In 2021, more than 150 million people in the European Region of the World Health Organization (WHO) lived with a problem related to mental health. In recent years, the pandemic caused by SAR-CoV-2 significantly worsened these conditions as people had less access to services. Increased stress, growing economic conditions, conflict and violence have shown just how vulnerable mental health can be.
In parallel, artificial intelligence has led to a real revolution in medicine and healthcare. It is considered a new tool in the planning of mental health services, as well as in the identification and monitoring of mental health problems in individuals and in countries. Tools that work with artificial intelligence can use health data that is available in a variety of different formats.[banner-DFP_1]
The “Digital Health Regional Action Plan for the WHO European Region 2023-2030”, released in September 2022, also recognizes the need to innovate in the field of predictive analytics for health through the use of Big Data and artificial intelligence.
WHO has potential for artificial intelligence in mental health services and research, but a new study has highlighted significant shortcomings that may lead too quickly to the development of new models of artificial intelligence that have not yet been evaluated in the real world.
“The growth of artificial intelligence for the use of health, it is important to assess the current state of the application of artificial intelligence to mental health research and thus report trends, gaps, opportunities and challenges,” Dr. David Novillo-Ortiz, regional. Advisor for Data and Digital Health for WHO regional role in Europe and co-author of the study, explains in a statement.[banner-DFP_4]
“Artificial intelligence is the cornerstone of the next round number”;
The research, developed by a group of researchers from the Polytechnic University of Valencia in collaboration with QUI Europe, uses artificial intelligence as a tool to study mental disorders between 2016 and 2021. The work has been published. as “Methodological and quality flaws in the use of artificial intelligence in mental health research: a systematic review”.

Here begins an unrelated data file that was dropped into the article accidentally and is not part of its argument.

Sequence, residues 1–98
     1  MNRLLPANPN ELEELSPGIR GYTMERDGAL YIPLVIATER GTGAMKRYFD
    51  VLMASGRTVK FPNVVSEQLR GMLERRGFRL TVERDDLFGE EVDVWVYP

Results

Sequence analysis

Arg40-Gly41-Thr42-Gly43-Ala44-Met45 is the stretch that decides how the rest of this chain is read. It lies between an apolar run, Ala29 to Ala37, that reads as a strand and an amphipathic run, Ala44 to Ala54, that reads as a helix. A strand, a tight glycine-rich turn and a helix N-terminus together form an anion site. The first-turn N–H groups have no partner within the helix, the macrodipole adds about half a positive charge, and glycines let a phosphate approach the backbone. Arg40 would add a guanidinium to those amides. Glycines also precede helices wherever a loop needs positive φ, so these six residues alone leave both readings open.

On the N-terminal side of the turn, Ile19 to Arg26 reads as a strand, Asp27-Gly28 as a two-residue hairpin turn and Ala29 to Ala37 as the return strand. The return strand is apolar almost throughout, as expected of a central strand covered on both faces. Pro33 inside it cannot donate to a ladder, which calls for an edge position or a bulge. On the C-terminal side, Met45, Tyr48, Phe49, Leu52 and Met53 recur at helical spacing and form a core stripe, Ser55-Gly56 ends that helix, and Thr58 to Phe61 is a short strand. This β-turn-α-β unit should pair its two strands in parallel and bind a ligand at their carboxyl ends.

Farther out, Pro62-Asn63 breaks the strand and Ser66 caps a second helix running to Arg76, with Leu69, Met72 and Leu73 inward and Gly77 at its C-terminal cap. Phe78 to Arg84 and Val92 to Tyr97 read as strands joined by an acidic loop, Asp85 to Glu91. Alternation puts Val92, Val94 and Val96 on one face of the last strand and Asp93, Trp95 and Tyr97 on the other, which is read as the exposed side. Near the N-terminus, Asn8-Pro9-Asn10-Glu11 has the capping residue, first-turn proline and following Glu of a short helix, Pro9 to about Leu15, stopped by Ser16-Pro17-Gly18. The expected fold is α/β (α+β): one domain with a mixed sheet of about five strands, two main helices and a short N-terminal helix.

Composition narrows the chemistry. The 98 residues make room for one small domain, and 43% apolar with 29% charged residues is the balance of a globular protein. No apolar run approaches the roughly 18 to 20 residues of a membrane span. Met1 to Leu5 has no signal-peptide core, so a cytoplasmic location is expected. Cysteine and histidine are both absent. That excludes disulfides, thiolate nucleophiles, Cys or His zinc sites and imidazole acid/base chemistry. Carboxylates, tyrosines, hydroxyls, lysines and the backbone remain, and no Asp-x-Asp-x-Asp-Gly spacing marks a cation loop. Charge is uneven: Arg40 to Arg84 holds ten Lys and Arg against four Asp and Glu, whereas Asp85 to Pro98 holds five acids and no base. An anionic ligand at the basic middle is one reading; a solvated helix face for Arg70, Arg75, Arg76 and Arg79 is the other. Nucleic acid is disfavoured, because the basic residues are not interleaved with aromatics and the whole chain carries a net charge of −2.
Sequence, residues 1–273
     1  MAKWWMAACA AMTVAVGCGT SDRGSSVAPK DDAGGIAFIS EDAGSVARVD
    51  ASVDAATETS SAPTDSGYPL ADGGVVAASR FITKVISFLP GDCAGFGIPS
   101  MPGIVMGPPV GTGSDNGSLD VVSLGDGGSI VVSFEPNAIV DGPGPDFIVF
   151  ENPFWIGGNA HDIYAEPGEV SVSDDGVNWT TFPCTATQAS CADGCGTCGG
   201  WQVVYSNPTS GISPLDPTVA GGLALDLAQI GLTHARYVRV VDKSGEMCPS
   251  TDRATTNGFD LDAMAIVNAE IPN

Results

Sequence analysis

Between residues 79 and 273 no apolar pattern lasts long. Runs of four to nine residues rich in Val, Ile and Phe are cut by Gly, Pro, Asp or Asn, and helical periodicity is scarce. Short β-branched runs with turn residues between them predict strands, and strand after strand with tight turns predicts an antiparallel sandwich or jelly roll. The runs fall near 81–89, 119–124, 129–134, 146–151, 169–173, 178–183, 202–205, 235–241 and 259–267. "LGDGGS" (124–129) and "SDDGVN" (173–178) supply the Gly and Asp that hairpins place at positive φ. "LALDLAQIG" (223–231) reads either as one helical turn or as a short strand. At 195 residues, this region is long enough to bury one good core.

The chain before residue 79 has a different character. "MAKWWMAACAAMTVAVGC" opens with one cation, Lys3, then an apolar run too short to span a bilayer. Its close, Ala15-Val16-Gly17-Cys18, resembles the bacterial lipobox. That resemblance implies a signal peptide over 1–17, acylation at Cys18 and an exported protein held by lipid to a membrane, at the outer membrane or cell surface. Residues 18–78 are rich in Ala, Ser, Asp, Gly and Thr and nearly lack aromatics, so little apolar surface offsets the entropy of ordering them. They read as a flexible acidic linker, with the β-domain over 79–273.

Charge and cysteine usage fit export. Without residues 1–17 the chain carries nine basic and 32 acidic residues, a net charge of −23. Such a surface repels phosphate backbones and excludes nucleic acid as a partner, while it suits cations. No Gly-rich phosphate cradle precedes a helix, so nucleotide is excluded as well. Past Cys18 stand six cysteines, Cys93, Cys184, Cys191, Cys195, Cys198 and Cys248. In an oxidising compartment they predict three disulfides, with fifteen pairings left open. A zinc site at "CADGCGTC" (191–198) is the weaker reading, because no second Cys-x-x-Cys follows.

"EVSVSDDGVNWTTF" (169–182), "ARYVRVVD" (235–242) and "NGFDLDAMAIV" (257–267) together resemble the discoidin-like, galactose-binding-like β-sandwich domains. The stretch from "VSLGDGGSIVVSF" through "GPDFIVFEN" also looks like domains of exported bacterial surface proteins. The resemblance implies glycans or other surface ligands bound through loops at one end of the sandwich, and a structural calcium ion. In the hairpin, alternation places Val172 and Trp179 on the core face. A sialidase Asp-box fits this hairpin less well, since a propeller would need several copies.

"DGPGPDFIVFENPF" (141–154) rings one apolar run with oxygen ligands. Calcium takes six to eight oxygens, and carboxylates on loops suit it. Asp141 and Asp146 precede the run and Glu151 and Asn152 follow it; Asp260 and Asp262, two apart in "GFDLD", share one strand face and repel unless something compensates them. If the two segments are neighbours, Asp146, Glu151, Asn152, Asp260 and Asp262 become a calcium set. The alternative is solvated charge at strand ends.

“We found that the use of artificial intelligence in mental health research is not balanced and is mainly used for depressive disorders, schizophrenia and other psychotic disorders.” This means a big gap in our understanding of how to study other mental health conditions”, says Dr. Ledia Lazeri, WHO Europe Regional Mental Health Advisor.
With the enormous capabilities offered by artificial intelligence, policy makers can use data to inform more effective strategies to promote health and improve the current state of mental health. However, this technology often involves the use of statistics, mathematics, and big data that could lead to bias, incorrect interpretation of results, or over-optimized performance in AI if not properly handled.
“Lacks of transparency and regulatory flaws are worrying, while delaying the practical and safe implementation of artificial intelligence. Additionally, engineering data for AI models seems to be ignored or misunderstood, and the data is often not properly managed. These important shortcomings can mean the too rapid promotion of new artificial intelligence models without stopping to evaluate their viability in the real world”, adds Dr. Novillo-Ortiz.
“Artificial intelligence is the cornerstone of the next digital revolution. In this study we were able to see what will happen in the coming years and drive the health care systems to adapt their structures and procedures to advance mental health services”, concludes Antonio Martínez-Millana, assistant professor at the Polytechnic. University of Valencia and co-author of the study.
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